iIncluding abdominal discomfort, abdominal pain, and upper abdominal pain.
jIncluding rash and rash maculopapular.
kIncluding upper respiratory tract infection, pharyngitis, and laryngitis.
lIncluding headache and migraine.
Drug interaction studies1
- Clinical studies: There were no clinically meaningful drug-drug interactions between ENHERTU and itraconazole (CYP3A inhibitor), or ritonavir (OATP inhibitor)
- In vitro studies: DXd did not inhibit common CYP enzymes (CYP1A2, CYP2B6, CYP2C8, CYP2C9, CYP2C19, CYP2D6, CYP3A) nor did it induce CYP1A2, CYP2B6, or CYP3A
- In vitro studies: At clinically relevant concentrations, DXd has a low potential to inhibit the transporters OAT1, OAT3, OCT1, OCT2, OATP1B1, OATP1B3, MATE1, MATE2-K, P-gp, BCRP, or BSEP
- In vitro studies: DXd is a substrate of OATP1B1, OATP1B3, MATE2-K, P-gp, MRP1, and BCRP
Interstitial Lung Disease (ILD) and Pneumonitis
Symptom identification and investigation at the first sign of ILD/pneumonitis are key to diagnosis and monitoring
ENHERTU given at a higher dose than 5.4 mg/kg is associated with increased toxicity in patients with NSCLC, including ILD/pneumonitis1
Signs and symptoms of ILD/pneumonitis1
- New or worsening respiratory symptoms
Promptly investigate evidence of ILD/pneumonitis3
- Diagnosis of ILD/pneumonitis requires exclusion of other causes
Evaluation may include:
- High-resolution CT
- Pulmonologist consultation
- Blood culture and CBC
- All events of ILD/pneumonitis, regardless of severity or seriousness, should be followed until resolution, including after drug discontinuation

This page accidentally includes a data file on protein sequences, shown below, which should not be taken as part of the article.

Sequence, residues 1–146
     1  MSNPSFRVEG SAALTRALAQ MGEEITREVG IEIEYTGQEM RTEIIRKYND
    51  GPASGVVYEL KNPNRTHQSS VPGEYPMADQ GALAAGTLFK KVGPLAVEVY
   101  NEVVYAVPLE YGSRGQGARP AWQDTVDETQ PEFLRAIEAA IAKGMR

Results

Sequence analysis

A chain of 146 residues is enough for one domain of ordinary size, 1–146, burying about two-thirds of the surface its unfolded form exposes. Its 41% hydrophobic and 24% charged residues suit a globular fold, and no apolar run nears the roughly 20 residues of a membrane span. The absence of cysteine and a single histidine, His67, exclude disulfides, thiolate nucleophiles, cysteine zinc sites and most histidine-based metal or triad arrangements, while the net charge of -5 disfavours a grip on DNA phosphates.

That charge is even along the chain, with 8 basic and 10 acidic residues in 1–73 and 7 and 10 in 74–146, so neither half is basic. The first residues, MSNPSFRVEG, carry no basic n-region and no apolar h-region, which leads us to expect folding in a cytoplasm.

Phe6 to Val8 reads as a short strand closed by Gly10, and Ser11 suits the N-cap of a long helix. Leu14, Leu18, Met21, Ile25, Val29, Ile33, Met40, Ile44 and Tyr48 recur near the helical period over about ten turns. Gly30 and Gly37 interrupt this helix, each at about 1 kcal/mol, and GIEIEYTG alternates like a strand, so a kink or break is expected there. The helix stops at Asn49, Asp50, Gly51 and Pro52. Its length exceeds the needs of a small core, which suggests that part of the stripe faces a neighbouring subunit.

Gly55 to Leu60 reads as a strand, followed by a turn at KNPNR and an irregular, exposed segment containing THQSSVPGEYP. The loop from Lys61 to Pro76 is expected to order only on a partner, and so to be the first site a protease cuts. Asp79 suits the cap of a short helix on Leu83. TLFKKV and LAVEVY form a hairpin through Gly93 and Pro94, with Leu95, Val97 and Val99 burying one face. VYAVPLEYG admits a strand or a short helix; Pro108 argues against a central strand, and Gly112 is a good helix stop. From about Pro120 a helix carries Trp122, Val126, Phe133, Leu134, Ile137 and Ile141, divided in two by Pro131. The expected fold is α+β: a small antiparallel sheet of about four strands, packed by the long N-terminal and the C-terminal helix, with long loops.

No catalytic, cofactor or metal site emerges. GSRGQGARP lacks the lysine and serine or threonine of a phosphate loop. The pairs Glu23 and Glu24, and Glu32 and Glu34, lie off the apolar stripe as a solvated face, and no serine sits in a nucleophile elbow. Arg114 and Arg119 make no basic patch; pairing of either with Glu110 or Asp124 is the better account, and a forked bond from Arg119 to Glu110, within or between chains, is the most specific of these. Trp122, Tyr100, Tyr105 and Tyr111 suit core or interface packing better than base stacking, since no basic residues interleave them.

- Advise patients of the potential benefits and risks of treatment and to contact their HCP immediately to report any of these symptoms
CBC, complete blood count; CT, computed tomography.
Investigation may be prompted by incidental findings on routine scans when checking for progression or symptomatic findings
For asymptomatic ILD/pneumonitis (Grade 1)1
- Consider corticosteroid treatment (eg, ≥0.5 mg/kg/day prednisolone or equivalent)
Interrupt ENHERTU until resolved to Grade 0, then:
- If resolved in 28 days or less from date of onset, maintain dose
- If resolved in greater than 28 days from date of onset, reduce dose one level (see “Recommended dose reductions for ENHERTU for adverse reactions”)
For symptomatic ILD/pneumonitis (Grade 2 or greater)1
Promptly initiate systemic corticosteroid treatment (eg, ≥1 mg/kg/day prednisolone or equivalent)
- Continue for at least 14 days followed by gradual taper for at least 4 weeks
- Permanently discontinue ENHERTU in patients who are diagnosed with any symptomatic ILD/pneumonitis
Talk to your patients to raise awareness and help identify symptoms
- Advise patients to contact their healthcare provider immediately for any of the symptoms shown above
- Inform patients of the risks of severe, life-threatening, or fatal ILD
- Advise patients to read the FDA-approved patient labeling: Download the Medication Guide
Potential questions to ask your patients to help with identification of ILD4,5
- Have you been coughing recently? Is it a dry cough?
- Have you had any shortness of breath, especially during or after physical activity?
- Have you experienced any new breathing or respiratory problems?
- If you already have respiratory problems, have they gotten worse?
- Have you had a fever?
- Have you been feeling tired?
- Have you lost weight?
See complete Prescribing Information for further details regarding recommended dosage modifications for adverse reactions.